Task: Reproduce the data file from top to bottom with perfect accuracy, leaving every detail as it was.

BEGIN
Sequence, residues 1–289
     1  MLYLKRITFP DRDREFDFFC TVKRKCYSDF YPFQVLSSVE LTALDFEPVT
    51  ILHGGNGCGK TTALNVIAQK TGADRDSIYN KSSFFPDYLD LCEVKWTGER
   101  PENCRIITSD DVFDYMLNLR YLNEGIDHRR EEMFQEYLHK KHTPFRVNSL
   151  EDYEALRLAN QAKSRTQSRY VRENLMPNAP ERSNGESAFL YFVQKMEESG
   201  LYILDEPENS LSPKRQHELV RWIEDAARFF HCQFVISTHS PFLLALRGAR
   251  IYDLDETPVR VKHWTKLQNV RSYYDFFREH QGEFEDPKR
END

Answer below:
Sequence, residues 1–289
     1  MLYLKRITFP DRDREFDFFC TVKRKCYSDF YPFQVLSSVE LTALDFEPVT
    51  ILHGGNGCGK TTALNVIAQK TGADRDSIYN KSSFFPDYLD LCEVKWTGER
   101  PENCRIITSD DVFDYMLNLR YLNEGIDHRR EEMFQEYLHK KHTPFRVNSL
   151  EDYEALRLAN QAKSRTQSRY VRENLMPNAP ERSNGESAFL YFVQKMEESG
   201  LYILDEPENS LSPKRQHELV RWIEDAARFF HCQFVISTHS PFLLALRGAR
   251  IYDLDETPVR VKHWTKLQNV RSYYDFFREH QGEFEDPKR